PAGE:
Giant panda Tian Tian is not expecting a cub, keepers at Edinburgh Zoo have confirmed.
Fourteen newborn panda cubs in China were taken outside to enjoy the sunshine and meet visitors for the first time.
Staff lined the babies up in rows and fed them in front of visitors at the Chengdu Panda Breeding Center in China's Sichuan Province.
There are four pairs of twins among the 14 pandas.
Edinburgh Zoo has admitted it is "really difficult" to tell if a female panda is pregnant as the wait goes on for a possible sighting of cubs.
Edinburgh Zoo said in a statement: "Panda breeding is not a precise science and combined with this each animal has their own individual biology - and Tian Tian is definitely not a text book panda!
“Whilst Tian Tian continues to behave like she’s pregnant and whilst her hormones, behaviour and physical changes suggest the same, we will continue to manage her accordingly; as soon as we know otherwise we will of course announce this.
"To put it into context, there are no experts around the world who can say definitively how long a giant panda pregnancy is."
The zoo can still not confirm whether or not Tian Tian is pregnant.
Edinburgh Zoo's female panda Tian Tian is still looking like she could give birth any day.
Her keepers say she continues to show all the positive hormonal and physical signs of being pregnant and in recent days apart from becoming increasingly sensitive to noise she's become rather grumpy and aggressive.
The panda enclosures will remain closed off to the public for at least the next five days during which time those looking after Tian Tian hope she will have a panda cub.
It may seem rather strange to have such uncertainty surrounding a pregnancy and over such an extended time but panda gestation periods are hard to determine and in the case of Tian Tian experts say she is an especially complicated case.
Her behaviour and blood levels are being monitored 24-hours a day so if she shows any signs of going into labour or having lost her babies keepers will be able to tell straight away.
There's apparently a bet among staff at the zoo that she'll keep us guessing till this weekend. The wait goes on.
A research centre in southwest China has brought 14 newborn panda cubs together for the first time.Read the full story ›
Edinburgh Zoo has closed off their panda enclosures to the public as Tian Tian continues to keep them guessing about her condition.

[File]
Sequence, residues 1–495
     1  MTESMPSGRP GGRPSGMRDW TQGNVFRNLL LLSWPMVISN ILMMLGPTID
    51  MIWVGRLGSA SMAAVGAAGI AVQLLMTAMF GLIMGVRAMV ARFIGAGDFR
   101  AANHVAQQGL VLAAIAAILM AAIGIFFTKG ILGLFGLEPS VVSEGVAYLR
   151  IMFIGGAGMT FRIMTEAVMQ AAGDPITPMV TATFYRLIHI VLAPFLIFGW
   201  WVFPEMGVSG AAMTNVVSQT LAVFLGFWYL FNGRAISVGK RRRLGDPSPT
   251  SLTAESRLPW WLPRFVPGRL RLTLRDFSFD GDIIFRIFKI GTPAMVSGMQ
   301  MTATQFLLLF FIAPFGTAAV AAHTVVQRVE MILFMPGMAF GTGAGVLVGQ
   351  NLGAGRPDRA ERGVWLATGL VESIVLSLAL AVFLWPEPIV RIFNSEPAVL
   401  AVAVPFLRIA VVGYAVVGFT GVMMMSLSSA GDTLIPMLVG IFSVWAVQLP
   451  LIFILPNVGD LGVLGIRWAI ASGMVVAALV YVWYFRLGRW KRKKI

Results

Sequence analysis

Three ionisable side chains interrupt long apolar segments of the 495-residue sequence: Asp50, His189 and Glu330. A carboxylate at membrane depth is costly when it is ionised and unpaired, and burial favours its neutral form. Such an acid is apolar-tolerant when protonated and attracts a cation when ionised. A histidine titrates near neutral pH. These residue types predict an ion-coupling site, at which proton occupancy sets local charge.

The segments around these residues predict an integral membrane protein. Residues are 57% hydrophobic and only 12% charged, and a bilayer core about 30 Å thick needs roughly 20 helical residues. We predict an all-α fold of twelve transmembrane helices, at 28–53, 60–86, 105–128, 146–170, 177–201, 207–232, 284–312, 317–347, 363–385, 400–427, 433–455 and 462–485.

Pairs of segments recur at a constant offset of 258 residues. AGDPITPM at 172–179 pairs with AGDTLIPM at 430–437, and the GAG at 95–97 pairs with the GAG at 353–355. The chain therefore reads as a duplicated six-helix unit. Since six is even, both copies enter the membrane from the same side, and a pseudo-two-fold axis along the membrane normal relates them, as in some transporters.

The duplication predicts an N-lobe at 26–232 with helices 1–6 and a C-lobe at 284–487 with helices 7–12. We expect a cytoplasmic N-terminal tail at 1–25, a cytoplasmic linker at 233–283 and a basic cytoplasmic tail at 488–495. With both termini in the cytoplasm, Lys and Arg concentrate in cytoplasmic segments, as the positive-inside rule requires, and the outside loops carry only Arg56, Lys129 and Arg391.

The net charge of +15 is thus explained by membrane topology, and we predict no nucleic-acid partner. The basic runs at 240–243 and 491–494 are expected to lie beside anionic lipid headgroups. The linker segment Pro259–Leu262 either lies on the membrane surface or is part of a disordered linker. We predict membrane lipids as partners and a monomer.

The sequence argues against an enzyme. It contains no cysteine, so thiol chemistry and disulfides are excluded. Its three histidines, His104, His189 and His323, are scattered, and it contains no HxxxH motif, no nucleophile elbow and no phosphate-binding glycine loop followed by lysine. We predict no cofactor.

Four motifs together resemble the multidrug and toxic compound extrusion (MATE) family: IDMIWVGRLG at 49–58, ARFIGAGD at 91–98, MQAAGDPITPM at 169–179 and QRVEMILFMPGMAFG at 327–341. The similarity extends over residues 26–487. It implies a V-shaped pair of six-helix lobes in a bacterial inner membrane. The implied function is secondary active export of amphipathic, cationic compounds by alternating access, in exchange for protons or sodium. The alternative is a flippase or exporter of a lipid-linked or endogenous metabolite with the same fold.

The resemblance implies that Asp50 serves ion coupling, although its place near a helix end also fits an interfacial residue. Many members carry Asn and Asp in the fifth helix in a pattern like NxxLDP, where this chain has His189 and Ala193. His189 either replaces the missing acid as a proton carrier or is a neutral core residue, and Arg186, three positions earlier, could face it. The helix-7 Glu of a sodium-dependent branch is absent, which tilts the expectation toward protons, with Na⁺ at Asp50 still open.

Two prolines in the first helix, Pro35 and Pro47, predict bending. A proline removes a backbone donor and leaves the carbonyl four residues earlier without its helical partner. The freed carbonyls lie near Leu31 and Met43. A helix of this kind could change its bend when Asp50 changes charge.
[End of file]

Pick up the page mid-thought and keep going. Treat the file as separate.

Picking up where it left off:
The female giant panda is still showing signs of being pregnant and in recent days has become increasingly sensitive to noise, prompting keepers to take the decision to stop public viewings of her and male partner Yang Guang.
Despite this move the Zoo can still not confirm whether or not Tian Tian is pregnant. She’s been keeping everyone, even the experts, guessing for almost a month now but this week is likely to provide us with an answer as the normal panda birthing season has already closed.
Her keepers who have been on 24 hour red alert since August 26th will be more glad than anyone that the waiting game is coming to an end.
Officials at Edinburgh Zoo said they are continuing to monitor the hormone levels of giant panda Tian Tian whose pregnancy is "atypical".
In terms of Tian Tian’s possible pregnancy, we’re not out of the game yet although she’s keeping us on our toes.
Her hormones are following an atypical pattern, with lots of rises and dips, which make timings much harder to predict.
We are continually analysing hormone and protein samples and, based on the latest results, our external experts now believe Tian Tian may have experienced her secondary progesterone spike two weeks later than the results previously available suggested.
As Edinburgh Zoo waits to see if giant panda Tian Tian is pregnant they have revealed that her mystery pregnancy is especially difficult to verify.
In a statement the zoo said: "Predicting pregnancy in giant pandas isn’t straight forward and we’re all rapidly learning that Tian Tian is a panda whose behaviour and physiology appears to be more complicated than most."
However the zoo remains hopeful that it could see a panda cub or two and say they will continue to monitor Tian Tian's hormones for more concrete evidence that she is pregnant.
A zookeeper at Edinburgh Zoo, where it is hoped that Tian Tian the giant panda may be preparing to give birth, has said that so far she is "sticking to her normal routine".
Sharon Hatton said that Tian Tian is "doing very well" but that the zookeepers are "not seeing any changes" to suggest that a birth is imminent.